Why is a Once-Prominent Atheist Selling a Meme He Doesn't Own?
David Silverman's NFT listing raises a number of ethical questions.
I’m writing my usual posts on Substack, without a paywall, while I wait for OnlySky to launch in early January. You can sign up there for a notification when the site goes live.
In the meantime, I would appreciate it greatly if you became a full subscriber! You can use the button below to subscribe to Substack or use my usual Patreon page!
UPDATE (Jan. 14): OpenSea removed the listing from its marketplace after this article was published.
I can’t explain why people are rushing to purchase NFTs (non-fungible tokens). It’s like buying digital baseball cards with cryptocurrency… even though everyone has access to the exact same digital file. NFTs have been described as everything from a new gold rush to a scam targeting rich tech people. But, hey, if that’s how you want to waste your money, that’s on you.
NFTs have been very lucrative for some digital artists while screwing over other ones. But the point I want to make here is that they’ve sometimes benefitted the subjects of popular memes. For example, last year, Laina Morris (a.k.a. Overly Attached Girlfriend) sold an NFT of her meme for roughly $411,000. Good for her. That meme originated from a video she created, and the sale may have represented the first time she directly earned money from the image of her that’s been all over the internet. (What did the buyer actually get for the purchase? Who knows. Bragging rights, I guess. Welcome to the world of NFTs.)
It’s no wonder then that, more than two weeks ago, former American Atheists president David Silverman jumped on the same bandwagon.
The origins of his meme
In 2011, Silverman appeared on FOX News’ The O’Reilly Factor to discuss American Atheists’ new provocative billboards. Their conversation quickly descended into a short debate on God’s existence, and Bill O’Reilly defended religion by saying there must be something supernatural out there because how else could anyone explain how the tides worked?
“Tide goes in, tide goes out. Never a miscommunication. You can’t explain that,” O’Reilly argued… even though there’s a very clear scientific answer to that question.
Silverman reacted to that comment, around the 2:00 mark in the video below, with a face that silently screamed, “Seriously?!”
A couple of weeks after that appearance, Reddit user @where_god_now immortalized that face with an illustration.
The rest, of course, is internet history. That image began appearing everywhere, in different forms, in countless online threads and comics, whenever someone wanted to shout What the hell are you talking about?! in response to an idiotic comment.
American Atheists even embraced Silverman’s newfound notoriety that summer by putting a sticker of the meme on the front doors of their headquarters.
All of that happened in 2011. In the years since then, as many readers are well aware, Silverman lost his job at American Atheists. But you’ll still see that image popping up everywhere because, like all memes, it took on a life of its own that’s relatively independent of its origin story. There’s a good chance most people who encounter it online these days don’t know who Silverman is or where the image came from.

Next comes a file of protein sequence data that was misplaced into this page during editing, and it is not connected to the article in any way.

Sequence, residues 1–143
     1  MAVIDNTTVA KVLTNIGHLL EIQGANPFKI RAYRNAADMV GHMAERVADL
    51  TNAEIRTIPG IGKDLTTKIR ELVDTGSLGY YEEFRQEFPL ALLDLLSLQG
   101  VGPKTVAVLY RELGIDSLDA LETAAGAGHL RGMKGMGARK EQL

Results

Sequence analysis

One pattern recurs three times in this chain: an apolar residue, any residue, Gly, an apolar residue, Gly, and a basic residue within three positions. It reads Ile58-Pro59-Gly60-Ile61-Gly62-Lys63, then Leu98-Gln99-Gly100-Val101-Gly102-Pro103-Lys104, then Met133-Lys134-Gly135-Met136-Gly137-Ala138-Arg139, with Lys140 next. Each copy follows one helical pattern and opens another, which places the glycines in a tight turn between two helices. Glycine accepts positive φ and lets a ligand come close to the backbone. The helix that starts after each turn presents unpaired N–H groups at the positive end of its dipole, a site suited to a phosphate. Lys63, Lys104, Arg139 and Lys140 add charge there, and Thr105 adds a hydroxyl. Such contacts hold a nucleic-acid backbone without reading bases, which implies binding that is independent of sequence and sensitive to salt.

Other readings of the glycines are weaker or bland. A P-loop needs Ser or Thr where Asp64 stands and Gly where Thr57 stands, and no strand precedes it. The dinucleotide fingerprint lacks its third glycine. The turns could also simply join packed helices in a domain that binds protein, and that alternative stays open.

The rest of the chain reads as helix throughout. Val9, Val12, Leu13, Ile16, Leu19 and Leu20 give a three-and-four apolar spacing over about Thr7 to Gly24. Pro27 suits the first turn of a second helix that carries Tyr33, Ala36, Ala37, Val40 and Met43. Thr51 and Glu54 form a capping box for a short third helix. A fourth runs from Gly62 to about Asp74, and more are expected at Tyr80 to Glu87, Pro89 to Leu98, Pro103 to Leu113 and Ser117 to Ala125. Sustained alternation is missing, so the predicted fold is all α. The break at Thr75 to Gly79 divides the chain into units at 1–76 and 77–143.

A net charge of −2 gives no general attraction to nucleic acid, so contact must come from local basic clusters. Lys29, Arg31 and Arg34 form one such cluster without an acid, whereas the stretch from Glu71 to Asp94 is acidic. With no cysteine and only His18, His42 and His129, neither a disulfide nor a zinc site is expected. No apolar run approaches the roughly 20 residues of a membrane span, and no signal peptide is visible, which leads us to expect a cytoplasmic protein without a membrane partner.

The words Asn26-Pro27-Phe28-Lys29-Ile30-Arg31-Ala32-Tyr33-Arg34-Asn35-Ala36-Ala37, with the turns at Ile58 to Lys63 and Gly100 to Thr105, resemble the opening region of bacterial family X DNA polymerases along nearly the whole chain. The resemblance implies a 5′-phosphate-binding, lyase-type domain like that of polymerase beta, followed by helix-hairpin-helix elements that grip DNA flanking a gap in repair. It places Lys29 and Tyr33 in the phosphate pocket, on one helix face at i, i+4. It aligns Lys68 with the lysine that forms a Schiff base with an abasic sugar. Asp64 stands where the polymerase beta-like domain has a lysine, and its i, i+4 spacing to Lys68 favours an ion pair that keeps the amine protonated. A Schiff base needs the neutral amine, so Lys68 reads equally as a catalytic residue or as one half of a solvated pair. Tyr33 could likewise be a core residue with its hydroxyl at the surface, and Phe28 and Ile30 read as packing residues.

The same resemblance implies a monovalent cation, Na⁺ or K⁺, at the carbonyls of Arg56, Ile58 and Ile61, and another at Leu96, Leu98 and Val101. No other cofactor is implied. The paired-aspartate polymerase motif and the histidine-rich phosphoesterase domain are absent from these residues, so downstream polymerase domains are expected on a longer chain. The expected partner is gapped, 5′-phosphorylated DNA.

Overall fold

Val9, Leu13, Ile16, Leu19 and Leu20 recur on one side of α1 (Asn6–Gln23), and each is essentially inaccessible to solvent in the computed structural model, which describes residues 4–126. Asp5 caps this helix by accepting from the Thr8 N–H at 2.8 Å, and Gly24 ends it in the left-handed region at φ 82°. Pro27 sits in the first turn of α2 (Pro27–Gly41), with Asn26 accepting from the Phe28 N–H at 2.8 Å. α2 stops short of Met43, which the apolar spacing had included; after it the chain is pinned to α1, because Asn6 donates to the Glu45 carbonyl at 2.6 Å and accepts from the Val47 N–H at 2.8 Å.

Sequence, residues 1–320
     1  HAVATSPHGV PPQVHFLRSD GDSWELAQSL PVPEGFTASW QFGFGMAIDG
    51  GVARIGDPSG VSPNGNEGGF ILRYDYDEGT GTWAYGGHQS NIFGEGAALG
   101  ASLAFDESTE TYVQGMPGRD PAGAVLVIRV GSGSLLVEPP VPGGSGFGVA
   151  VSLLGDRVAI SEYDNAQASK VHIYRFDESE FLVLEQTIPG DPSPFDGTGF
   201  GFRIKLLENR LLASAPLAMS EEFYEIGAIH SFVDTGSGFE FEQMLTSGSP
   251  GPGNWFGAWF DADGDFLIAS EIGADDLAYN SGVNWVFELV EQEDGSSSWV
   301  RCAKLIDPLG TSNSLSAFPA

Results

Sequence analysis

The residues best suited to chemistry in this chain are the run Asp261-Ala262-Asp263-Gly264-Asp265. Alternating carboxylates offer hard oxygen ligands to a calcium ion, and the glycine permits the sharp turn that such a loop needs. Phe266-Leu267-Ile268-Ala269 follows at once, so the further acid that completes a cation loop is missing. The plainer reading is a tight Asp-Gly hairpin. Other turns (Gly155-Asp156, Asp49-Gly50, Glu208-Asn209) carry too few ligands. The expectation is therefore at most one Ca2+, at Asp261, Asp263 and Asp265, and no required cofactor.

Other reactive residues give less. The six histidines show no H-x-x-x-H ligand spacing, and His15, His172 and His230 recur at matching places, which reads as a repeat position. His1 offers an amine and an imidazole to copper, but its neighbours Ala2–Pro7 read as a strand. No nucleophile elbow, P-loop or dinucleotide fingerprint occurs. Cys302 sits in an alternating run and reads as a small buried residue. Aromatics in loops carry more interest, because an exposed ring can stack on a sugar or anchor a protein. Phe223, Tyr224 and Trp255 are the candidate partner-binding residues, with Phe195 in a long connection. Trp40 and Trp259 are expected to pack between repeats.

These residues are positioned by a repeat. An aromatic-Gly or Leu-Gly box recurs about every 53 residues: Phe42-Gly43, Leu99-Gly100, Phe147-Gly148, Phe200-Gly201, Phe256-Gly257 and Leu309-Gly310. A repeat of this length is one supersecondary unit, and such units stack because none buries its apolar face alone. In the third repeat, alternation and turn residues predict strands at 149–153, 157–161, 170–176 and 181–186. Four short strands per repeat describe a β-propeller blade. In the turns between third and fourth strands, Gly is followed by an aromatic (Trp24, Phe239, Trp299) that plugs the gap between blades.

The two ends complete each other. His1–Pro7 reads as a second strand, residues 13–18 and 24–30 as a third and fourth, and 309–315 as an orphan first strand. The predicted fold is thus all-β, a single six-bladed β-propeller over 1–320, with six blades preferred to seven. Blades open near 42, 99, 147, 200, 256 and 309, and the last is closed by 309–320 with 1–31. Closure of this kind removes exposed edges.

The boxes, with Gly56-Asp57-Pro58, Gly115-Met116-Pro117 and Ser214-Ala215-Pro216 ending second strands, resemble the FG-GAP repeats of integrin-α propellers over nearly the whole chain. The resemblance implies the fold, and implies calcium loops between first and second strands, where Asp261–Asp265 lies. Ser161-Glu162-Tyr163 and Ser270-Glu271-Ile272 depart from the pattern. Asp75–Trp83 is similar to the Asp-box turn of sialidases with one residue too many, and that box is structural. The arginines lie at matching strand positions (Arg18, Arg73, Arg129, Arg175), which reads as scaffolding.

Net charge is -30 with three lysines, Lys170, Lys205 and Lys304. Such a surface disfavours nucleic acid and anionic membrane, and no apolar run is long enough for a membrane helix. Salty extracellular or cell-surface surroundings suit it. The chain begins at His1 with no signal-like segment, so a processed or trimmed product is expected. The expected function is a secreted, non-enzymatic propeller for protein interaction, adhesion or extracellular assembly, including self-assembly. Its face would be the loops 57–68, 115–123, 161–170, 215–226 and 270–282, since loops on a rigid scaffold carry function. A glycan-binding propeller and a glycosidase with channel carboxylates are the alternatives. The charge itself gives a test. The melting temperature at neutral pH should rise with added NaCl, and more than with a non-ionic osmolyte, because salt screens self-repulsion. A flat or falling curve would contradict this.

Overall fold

So imagine you’re Dave Silverman.
You’ve always embraced the meme but your professional reputation has taken a hit. You also know that memes are usually unaffected by the real life antics of their subjects. You’d like to cash in on your notoriety.
Turns out there’s a way to do that now: Just sell the NFT.
On December 27, Silverman announced that he was selling the image on the NFT marketplace OpenSea.
The problem with the NFT
Will anyone buy the meme? I don’t know. Don’t ask me why anyone would buy an NFT at all. But the obvious problem here is that Silverman is selling something he didn’t create and doesn’t own.
Yes, he’s the subject of the meme, but he’s not the person who drew the artwork. If this NFT gets sold, what right does Silverman have to profit off of someone else’s creation?
Yesterday, I got in touch with Reddit user @where_god_now, the guy who drew the original illustration, and asked him if he was aware of the listing.
He was not.
I’m not using his real name at his request, but he told me he worried something like this would happen. So back in May, when the NFT craze first began, he finally had the image copyrighted — after more than 10 years of just leaving it alone. (I was able to confirm that the image is indeed copyrighted under his name.)
He also explained to me why he created it:
I developed the meme back when I was really into r/atheism and I wanted to give something to the community that expresses the bewilderment an atheist feels when confronted by the sheer stupidity of some religious claims or ways of thought.
It was one of the first things I made with photoshop and I was really proud of it.
@where_god_now has asked OpenSea to take down the listing. He also hopes all this gets sorted out soon “with no bad feelings.”
I’ll say once again that no one has bid on the meme yet — and it’s hard to imagine anyone coughing up more than $6,500 for the ability to claim ownership of an image all of us can already use and manipulate any way we’d like.
But it’s also hard to imagine Silverman wasn’t aware of any of this. In his previous life, he was someone whose biography and profiles routinely touted his “74 patents related to telecommunications infrastructure.” So he knows damn well the importance of claiming ownership for something you create; patents exist so others can’t unfairly profit from your work.
Being the subject of a meme doesn’t make you the owner of it. It’s not that complicated.